Do you see how the opening “thesis statement” steals the thunder of what follows? Don’t do it.
If nothing else, cut the opening sentence and place it after all the others. Better yet, transplant it and change it to: Brenda would never make the deadline.
Thinking is abstract. Knowing and believing are intangible. Your story will always be stronger if you just show the physical actions and details of your characters and allow your reader to do the thinking and knowing. And loving and hating.
Don’t tell your reader: “Lisa hated Tom.”
Instead, make your case like a lawyer in court, detail by detail.
Present each piece of evidence. For example: “During roll call, in the breath after the teacher said Tom’s name, in that moment before he could answer, right then, Lisa would whisper-shout ‘Butt Wipe,’ just as Tom was saying, ‘Here’.”
One of the most-common mistakes that beginning writers make is leaving their characters alone. Writing, you may be alone. Reading, your audience may be alone. But your character should spend very, very little time alone. Because a solitary character starts thinking or worrying or wondering.
For example: Waiting for the bus, Mark started to worry about how long the trip would take…”
A better break-down might be: “The schedule said the bus would come by at noon, but Mark’s watch said it was already 11:57. You could see all the way down the road, as far as the Mall, and not see a bus. No doubt, the driver was parked at the turn-around, the far end of the line, taking a nap. The driver was kicked back, asleep, and Mark was going to be late. Or worse, the driver was drinking, and he’d pull up drunk and charge Mark seventy-five cents for death in a fiery traffic accident…”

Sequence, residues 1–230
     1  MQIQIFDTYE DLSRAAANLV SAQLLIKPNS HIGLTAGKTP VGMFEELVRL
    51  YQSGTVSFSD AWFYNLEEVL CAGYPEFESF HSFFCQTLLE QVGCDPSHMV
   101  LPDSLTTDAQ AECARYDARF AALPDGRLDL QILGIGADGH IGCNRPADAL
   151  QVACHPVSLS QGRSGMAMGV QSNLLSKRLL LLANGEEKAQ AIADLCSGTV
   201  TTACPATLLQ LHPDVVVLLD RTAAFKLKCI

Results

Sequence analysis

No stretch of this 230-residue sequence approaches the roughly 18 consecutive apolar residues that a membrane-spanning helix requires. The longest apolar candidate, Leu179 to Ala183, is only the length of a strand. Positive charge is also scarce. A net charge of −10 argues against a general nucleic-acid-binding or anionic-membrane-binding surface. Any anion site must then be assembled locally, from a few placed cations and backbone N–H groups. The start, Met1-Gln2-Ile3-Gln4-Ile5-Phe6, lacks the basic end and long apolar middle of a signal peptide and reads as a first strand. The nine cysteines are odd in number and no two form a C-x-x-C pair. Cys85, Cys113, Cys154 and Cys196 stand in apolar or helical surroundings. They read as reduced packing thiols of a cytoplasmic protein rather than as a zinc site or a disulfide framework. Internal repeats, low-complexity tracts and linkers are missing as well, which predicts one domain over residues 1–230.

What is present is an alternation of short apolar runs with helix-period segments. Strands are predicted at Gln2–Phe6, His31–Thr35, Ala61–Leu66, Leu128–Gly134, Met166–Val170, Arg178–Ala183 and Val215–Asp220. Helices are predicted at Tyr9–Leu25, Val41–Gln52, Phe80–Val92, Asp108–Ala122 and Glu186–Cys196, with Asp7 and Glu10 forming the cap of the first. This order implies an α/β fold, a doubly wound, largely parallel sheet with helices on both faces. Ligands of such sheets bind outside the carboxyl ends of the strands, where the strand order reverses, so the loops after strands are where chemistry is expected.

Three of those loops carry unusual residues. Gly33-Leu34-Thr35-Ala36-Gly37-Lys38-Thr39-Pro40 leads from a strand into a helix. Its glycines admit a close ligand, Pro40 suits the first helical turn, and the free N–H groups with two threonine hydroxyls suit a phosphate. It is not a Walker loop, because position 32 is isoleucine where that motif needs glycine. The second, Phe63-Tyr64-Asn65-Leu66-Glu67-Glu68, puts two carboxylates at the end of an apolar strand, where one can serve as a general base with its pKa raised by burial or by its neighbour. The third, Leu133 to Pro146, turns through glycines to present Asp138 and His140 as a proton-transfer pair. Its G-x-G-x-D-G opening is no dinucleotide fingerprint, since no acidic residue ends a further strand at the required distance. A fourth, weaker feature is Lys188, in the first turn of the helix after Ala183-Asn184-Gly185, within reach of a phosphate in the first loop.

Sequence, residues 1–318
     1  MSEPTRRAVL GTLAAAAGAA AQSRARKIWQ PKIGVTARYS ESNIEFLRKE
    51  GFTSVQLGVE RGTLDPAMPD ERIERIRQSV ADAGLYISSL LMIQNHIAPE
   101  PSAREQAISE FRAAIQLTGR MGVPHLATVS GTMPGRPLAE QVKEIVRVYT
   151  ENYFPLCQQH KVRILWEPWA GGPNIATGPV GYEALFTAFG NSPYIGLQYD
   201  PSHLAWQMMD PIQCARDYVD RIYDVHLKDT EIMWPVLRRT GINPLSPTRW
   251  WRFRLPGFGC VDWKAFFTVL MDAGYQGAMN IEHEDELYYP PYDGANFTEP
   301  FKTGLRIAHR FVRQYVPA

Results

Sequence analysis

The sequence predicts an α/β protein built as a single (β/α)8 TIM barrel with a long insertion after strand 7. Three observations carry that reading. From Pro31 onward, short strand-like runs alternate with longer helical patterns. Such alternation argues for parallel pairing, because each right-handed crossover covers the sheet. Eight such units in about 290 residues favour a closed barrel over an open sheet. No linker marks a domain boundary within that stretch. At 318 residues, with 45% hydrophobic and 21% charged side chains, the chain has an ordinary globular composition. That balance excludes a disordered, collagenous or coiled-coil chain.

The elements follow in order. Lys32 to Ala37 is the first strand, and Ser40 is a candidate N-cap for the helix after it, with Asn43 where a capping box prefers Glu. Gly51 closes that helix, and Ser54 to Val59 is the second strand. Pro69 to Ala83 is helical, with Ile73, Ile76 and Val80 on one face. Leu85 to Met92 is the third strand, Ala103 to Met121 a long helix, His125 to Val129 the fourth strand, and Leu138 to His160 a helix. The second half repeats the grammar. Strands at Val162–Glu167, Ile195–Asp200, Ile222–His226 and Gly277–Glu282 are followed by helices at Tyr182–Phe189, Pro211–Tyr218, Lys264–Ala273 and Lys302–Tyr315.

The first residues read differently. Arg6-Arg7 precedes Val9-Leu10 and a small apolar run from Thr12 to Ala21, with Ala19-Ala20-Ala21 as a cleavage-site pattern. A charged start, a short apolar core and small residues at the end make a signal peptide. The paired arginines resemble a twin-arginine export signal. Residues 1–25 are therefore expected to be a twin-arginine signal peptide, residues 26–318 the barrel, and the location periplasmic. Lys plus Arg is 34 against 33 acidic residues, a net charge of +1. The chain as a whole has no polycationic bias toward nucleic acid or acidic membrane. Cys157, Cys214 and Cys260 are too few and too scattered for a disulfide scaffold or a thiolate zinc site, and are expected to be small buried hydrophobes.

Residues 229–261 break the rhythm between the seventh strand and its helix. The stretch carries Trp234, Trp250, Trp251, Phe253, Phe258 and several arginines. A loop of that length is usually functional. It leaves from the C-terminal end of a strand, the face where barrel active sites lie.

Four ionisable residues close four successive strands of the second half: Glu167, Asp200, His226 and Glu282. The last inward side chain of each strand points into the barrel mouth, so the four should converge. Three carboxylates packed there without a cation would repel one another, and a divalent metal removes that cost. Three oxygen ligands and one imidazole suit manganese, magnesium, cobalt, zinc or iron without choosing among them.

A character alone must lapse into fantasy or memory, but even then you can’t use “thought” verbs or any of their abstract relatives.
Oh, and you can just forget about using the verbs forget and remember.
No more transitions such as: “Wanda remembered how Nelson used to brush her hair.”
Instead: “Back in their sophomore year, Nelson used to brush her hair with smooth, long strokes of his hand.”
Again, Un-pack. Don’t take short-cuts.
Better yet, get your character with another character, fast.
Get them together and get the action started. Let their actions and words show their thoughts. You—stay out of their heads.
And while you’re avoiding “thought” verbs, be very wary about using the bland verbs “is” and “have.”
“Ann’s eyes are blue.”
“Ann has blue eyes.”
“Ann coughed and waved one hand past her face, clearing the cigarette smoke from her eyes, blue eyes, before she smiled…”
Instead of bland “is” and “has” statements, try burying your details of what a character has or is, in actions or gestures. At its most basic, this is showing your story instead of telling it.
And forever after, once you’ve learned to Un-pack your characters, you’ll hate the lazy writer who settles for: “Jim sat beside the telephone, wondering why Amanda didn’t call.”
Please. For now, hate me all you want, but don’t use thought verbs. After Christmas, go crazy, but I’d bet money you won’t.
For this month’s homework, pick through your writing and circle every “thought” verb. Then, find some way to eliminate it. Kill it by Un-packing it.
Then, pick through some published fiction and do the same thing. Be ruthless.
“Marty imagined fish, jumping in the moonlight…”
“Nancy recalled the way the wine tasted…”
“Larry knew he was a dead man…”
Find them. After that, find a way to re-write them. Make them stronger.
I host an Ubuntu box on my home network. I use it mainly as a NAS and host all of my media and backup files. This includes personal files that I don’t want others to access.